Can anyone tell us what benefit the majority of the ratepayers receive for their taxes in the Municipality. Of course there are some who go on a pilgrimage to all the meetings looking for snaps and they get them, by gum. The clerk has had a rise of fifty. Oh well, I believe he published the minutes of one council meeting since last June. The municipal auditor was around so look out for the statement three inches by four. We received a copy of the Auditor’s report in book form of 47 pages from Ochre River Municipality. Its good reading and looks like business. A few dollars expended like this would be more appreciated by the ratepayers than paying two road commissioners in ward five, as there has been done the last three years to spend two or three hundred dollars.
The new Oak Brae postoffice as officially opened today. It is situated at Janowski schoolhouse and should prove a great boon to the people of that locality as it has been a deeply felt want. Geo. Basham is postmaster and we feel sure he will fill the bill to all satisfactorily. We hear Billy is sore, but we can’t help these things, so Billy, please remember the little saying “No use crying over spilt milk.” Such is life in the Wolly West.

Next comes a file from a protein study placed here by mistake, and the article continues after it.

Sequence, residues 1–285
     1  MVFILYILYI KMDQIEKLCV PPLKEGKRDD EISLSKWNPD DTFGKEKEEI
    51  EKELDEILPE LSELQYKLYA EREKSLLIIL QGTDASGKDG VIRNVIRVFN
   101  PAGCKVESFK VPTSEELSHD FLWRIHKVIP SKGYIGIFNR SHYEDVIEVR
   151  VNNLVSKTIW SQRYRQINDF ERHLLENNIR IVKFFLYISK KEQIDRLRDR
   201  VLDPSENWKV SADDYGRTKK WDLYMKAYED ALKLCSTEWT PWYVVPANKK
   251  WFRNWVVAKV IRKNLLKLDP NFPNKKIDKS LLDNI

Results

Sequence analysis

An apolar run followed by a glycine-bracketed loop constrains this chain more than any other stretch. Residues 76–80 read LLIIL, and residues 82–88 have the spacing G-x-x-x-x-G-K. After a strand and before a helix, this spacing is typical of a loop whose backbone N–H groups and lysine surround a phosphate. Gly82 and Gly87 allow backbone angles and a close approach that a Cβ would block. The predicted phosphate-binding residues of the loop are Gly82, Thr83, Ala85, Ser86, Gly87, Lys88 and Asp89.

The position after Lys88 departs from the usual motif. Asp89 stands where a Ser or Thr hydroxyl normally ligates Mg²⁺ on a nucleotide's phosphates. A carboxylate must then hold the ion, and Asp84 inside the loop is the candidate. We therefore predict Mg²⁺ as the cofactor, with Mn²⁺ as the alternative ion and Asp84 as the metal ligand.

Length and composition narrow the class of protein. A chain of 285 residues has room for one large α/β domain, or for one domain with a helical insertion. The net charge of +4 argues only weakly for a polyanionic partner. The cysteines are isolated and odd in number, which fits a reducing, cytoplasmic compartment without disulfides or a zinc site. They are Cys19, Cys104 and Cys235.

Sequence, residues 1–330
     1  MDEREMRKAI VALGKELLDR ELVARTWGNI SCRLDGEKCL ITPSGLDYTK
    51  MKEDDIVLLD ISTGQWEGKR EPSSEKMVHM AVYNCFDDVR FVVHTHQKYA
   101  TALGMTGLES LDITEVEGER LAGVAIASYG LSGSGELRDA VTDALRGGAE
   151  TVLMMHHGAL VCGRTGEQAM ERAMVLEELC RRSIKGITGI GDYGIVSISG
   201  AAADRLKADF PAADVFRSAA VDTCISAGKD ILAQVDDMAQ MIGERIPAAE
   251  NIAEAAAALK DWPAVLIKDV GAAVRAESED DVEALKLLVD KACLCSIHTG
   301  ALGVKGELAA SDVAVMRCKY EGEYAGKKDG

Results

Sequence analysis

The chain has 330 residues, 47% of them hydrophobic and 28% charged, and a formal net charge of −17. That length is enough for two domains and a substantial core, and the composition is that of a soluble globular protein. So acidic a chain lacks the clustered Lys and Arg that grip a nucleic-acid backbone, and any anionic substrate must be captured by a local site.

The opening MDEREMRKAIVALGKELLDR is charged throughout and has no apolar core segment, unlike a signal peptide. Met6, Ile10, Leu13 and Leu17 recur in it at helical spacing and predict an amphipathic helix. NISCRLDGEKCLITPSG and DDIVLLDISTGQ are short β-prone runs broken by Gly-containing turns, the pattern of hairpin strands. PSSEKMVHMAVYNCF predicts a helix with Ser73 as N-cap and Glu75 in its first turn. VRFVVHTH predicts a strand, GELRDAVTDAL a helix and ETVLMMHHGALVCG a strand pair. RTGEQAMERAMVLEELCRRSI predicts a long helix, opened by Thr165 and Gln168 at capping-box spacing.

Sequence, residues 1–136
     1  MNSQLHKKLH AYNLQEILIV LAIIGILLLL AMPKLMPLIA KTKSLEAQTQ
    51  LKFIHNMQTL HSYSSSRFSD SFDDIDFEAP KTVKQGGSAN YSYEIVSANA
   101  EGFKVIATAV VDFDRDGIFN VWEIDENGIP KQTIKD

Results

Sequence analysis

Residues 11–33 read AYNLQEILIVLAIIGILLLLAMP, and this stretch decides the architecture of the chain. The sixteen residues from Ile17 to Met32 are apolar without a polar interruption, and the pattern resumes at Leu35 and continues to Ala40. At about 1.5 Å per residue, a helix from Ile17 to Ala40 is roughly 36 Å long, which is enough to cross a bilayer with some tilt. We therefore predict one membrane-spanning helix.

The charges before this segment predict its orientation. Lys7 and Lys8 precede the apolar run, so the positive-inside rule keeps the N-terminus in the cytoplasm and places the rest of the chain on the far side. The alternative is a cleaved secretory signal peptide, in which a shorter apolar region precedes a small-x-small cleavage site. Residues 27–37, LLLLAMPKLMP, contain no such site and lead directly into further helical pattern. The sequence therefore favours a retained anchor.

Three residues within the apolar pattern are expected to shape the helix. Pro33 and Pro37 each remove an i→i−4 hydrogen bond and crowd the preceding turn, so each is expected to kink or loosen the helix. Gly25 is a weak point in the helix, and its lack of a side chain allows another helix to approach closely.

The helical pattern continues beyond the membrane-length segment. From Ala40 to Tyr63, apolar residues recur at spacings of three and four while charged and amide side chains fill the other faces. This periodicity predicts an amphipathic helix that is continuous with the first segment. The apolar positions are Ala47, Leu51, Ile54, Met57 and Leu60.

The annual clearance sale started today 1st Feb. at the Armstrong Trading Company’s store and they are sure slaughtering the prices. This has been a poor year for the farmer so now is your chance to buy right.
Wanted, a boarding house right away for the travelling public.

1913 Feb 6 – Sifton

A ball was held in the Kennedy hall in aid of the English church; about forty couples were present, and a very enjoyable time was spent.
Elaborate arrangements were made for a wedding here on the 31st ult. A large number of guests had assembled and everything was in readiness for the ceremony when it was found that the would-be bride was missing. Consternation reigned for a time and great disappointment was felt, especially by the intended groom.